The Telegraph
Tuesday , May 13 , 2014
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P.C. Sorcar Jr made the indelible ink “vanish” within minutes of voting on Monday.

Sorcar (in pictures) raised his inked index finger outside the Satyabhama Institution for Boys in Ballygunge, where he cast his ballot not far from his south Calcutta home, covered it for a few seconds with the other palm, muttered a spell and revealed a clean finger. A repeat of the exercise and the mark was back!

Later, the magician, who is contesting on a BJP ticket from Barasat, cast a spell wherever he went in his constituency. Many polling agents of rival parties were seen requesting him for a trick or two.

But the routine snapped at two polling stations in Salt Lake, part of the Barasat seat, where Sorcar ran into angry Trinamul councillors.

At St. Francis Xavier School, opposite Hyatt Regency, councillor Minu Chakraborty and her supporters raised a ruckus as soon as the magician walked in and demanded that he be thrown out.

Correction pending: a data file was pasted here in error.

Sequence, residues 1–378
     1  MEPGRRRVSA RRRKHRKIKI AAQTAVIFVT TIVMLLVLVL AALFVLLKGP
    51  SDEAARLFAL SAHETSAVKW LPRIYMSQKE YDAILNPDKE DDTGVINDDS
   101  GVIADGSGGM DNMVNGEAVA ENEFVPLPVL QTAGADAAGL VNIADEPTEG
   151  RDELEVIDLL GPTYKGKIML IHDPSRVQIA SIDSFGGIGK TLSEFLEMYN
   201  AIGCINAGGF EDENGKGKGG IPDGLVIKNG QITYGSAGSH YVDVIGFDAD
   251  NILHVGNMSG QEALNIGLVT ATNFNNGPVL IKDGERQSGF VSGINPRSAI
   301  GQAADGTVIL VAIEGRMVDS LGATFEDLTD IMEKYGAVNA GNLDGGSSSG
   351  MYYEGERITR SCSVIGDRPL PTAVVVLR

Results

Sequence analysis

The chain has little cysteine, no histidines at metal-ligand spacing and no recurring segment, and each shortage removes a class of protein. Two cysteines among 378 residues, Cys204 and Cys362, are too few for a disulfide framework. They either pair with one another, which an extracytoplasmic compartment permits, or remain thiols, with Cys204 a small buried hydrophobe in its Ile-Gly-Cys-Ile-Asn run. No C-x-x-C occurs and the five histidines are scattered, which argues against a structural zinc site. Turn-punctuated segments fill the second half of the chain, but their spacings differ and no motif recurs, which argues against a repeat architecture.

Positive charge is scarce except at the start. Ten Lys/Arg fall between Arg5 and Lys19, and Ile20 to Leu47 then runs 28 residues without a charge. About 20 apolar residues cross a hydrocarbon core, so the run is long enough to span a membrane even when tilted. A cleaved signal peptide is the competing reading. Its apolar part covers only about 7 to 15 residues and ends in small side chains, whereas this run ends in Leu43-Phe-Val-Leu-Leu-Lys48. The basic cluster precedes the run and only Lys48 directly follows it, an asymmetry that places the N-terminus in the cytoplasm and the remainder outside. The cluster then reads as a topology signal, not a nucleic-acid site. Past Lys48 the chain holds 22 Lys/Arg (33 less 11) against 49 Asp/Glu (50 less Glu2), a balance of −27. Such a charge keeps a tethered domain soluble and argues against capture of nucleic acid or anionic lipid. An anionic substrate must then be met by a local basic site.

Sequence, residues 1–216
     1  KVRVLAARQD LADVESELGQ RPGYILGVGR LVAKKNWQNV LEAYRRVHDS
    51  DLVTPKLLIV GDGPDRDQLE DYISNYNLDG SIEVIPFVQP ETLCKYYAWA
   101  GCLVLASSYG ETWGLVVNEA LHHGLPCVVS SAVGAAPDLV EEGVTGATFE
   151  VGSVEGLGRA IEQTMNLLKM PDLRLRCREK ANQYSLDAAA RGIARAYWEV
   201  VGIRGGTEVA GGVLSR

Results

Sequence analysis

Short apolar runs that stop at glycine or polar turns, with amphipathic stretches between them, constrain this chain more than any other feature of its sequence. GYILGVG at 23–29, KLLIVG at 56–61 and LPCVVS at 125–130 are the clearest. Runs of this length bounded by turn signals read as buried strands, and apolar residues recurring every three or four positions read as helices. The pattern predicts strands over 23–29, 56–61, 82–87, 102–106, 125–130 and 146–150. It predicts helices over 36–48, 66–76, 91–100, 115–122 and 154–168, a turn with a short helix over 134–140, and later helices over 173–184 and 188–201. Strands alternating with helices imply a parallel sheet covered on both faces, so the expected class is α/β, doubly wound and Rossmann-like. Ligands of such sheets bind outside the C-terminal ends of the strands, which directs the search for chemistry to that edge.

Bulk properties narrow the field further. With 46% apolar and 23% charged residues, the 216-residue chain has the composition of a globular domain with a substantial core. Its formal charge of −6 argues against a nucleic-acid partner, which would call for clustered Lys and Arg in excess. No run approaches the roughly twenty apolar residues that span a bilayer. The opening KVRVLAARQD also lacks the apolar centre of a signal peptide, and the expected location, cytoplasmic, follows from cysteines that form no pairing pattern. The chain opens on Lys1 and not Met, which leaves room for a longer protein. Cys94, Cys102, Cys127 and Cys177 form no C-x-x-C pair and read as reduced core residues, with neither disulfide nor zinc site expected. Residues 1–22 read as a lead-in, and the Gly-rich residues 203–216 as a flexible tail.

Candidate kyano dhukechhey? Okey ber kore din (Why has the candidate gone in? Get him out),” Chakraborty protested to the cops outside.

Nothing could pacify the Trinamul councillor and make her see reason. Neither citing the election manual, which allows candidates to walk into any polling booth in their constituency, nor a reminder that her own party’s candidates elsewhere were making similar visits.

Soon, an altercation broke out between the Trinamul supporters and BJP activists accompanying Sorcar, after which the magician came out on his own and left.

The scenes were replayed at a school in BK Block, Sorcar’s next stop. There, Krishna Chakraborty, the chairperson of the Trinamul-run Bidhannagar Municipality, objected to the number of supporters with Sorcar as well as the cars in his cavalcade.

According to election rules, candidates can visit booths but must be accompanied only by their election agents. They can use three cars, for themselves and supporters. “We will lodge a complaint with the Election Commission,” Chakraborty screamed as Sorcar left, trailed by journalists.

The experience upset Sorcar so much that he did not get out of his car at his next and last stop in Salt Lake. “I had expected a decent ambience in Salt Lake,” Sorcar said, shaking his head in dismay as he left for his election office in Madhyamgram around 1pm